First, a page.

Culture & Tradition

Festivities

Carnival

Celebrated during the four consecutive days prior to Ash Wednesday, Carnival in Panama is considered the official party of Panamanians. In several towns of Panama’s interior, such as Las Tablas, Chitré and Penonomé, Carnival Queens represent opposing hoods, such as Calle Arriba and Calle Abajo, as they parade in extravagant floats alongside ‘tunas’ with a different theme each night. During the day, people enjoy the famous ‘culecos’ in the public plazas, where they are soaked by water tankers as they dance and drink to popular music. This festivity ends around 5am on Ash Wednesday with the ‘topón’ or ‘entierro de la sardina’, where each hood competes to see who can burn the most fireworks. By many, Las Tablas is considered the best place to celebrate Carnival as it is animated by the traditional rivalry between “Calle Arriba” and “Calle Abajo” who compete for the best costumes and most original floats.

Festival Nacional de la Pollera

Celebrated on July 22nd each year in the town of Las Tablas within the framework of the Santa Librada festivities, the Festival Nacional de La Pollera honors one of the most beautiful national costumes, the Panamanian Pollera. The most famous event during the festival is the National Pollera Contest, where women from all over the country compete for the ‘Margarita Lozano’ medal by modeling their most beautifully crafted and colorful versions of this majestic national dress, some worth thousands of dollars. Grace, artisanship and authenticity are key. The festival also seeks to promote knowledge on the correct use of the pollera and highlight its craftsmanship. Throughout the festival, other contests such as the National Violin Contest, the Tamboritos Contest and the National Contest of the Camisilla and the Sombrero Pintao are also held. Numerous folkloric exhibits are open to the public.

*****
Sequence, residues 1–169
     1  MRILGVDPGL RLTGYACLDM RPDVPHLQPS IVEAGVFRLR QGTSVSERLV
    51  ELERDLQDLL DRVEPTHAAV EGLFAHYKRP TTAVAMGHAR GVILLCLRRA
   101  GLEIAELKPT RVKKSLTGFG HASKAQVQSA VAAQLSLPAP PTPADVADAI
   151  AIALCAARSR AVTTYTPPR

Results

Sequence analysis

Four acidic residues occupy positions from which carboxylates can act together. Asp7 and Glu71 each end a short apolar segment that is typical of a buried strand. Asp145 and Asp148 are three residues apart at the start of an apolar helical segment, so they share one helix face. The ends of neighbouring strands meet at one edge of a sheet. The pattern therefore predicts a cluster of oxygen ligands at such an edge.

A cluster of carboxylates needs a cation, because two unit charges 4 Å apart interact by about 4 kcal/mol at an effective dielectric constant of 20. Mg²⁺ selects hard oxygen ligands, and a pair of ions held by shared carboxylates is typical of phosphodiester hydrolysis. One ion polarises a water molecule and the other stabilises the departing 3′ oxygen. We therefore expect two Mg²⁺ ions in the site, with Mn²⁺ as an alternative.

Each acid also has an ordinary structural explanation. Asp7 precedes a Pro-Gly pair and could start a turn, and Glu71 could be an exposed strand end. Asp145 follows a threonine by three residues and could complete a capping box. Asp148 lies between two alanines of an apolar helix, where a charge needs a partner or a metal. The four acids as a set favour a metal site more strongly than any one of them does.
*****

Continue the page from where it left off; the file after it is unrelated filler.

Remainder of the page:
Festival de Diablos y Congos

Expressed through a tradition of dances and interpretation of the Afro-American culture in the province of Colon during the Carnival period, this festivity’s main feature are the street performances where dances, drum beats, chants and outrageous costumes reenact the runaway slaves who fought for their freedom during the Spanish colonial era. Evoking fear and interest from spectators, the ‘diablos’ are dressed in elaborate outfits and masks as they whiplash the ‘congos’, who dance to fight them. In the end, they are saved by the Queen of Congos. A craft fair that includes typical foods, drinks and fireworks is also held as a complimentary activity.

Indigenous Groups

Gunas

Previously known as Kunas before an orthographic reform in 2010, this indigenous group can be found in Panama and Colombia. Most Gunas live on the San Blas Islands off the coast of the comarca of Guna Yala, and each one of their communities has their own political organization which is led and controlled by a Sahila. They are famous for wearing the famous molas, a colorful textile art form, and Dulegaya is their main language. Their main source of income is tourism and coconuts.

Emberá

Also known as the Chocó or Katío Indians, this group can also be found in Panama and Colombia. Most of the Emberá population in Panama (approximately 30,000 people) still lives in the region of Darién, and the river systems remain their main homelands, although now almost all Emberás live in villages, towns or urban centers. Tourism has encouraged this group to proudly maintain its traditions and share it with visitors from all over the world. They are known for wearing loincloths and eye-catching body decoration.

Ngäbe-Buglé

Collectively known as the Guaymí, the Ngäbe and Buglé are two separate groups living in the comarca Ngäbe-Buglé located in northwestern Panama, although they can also be found living in Costa Rica. This territory consists of land that previously belonged to the provinces of Bocas del Toro, Chiriquí and Veraguas. They speak different languages and make the largest indigenous population in Panama. Women wear full-length, colorful dresses called naguas while men stick to trousers and shirts.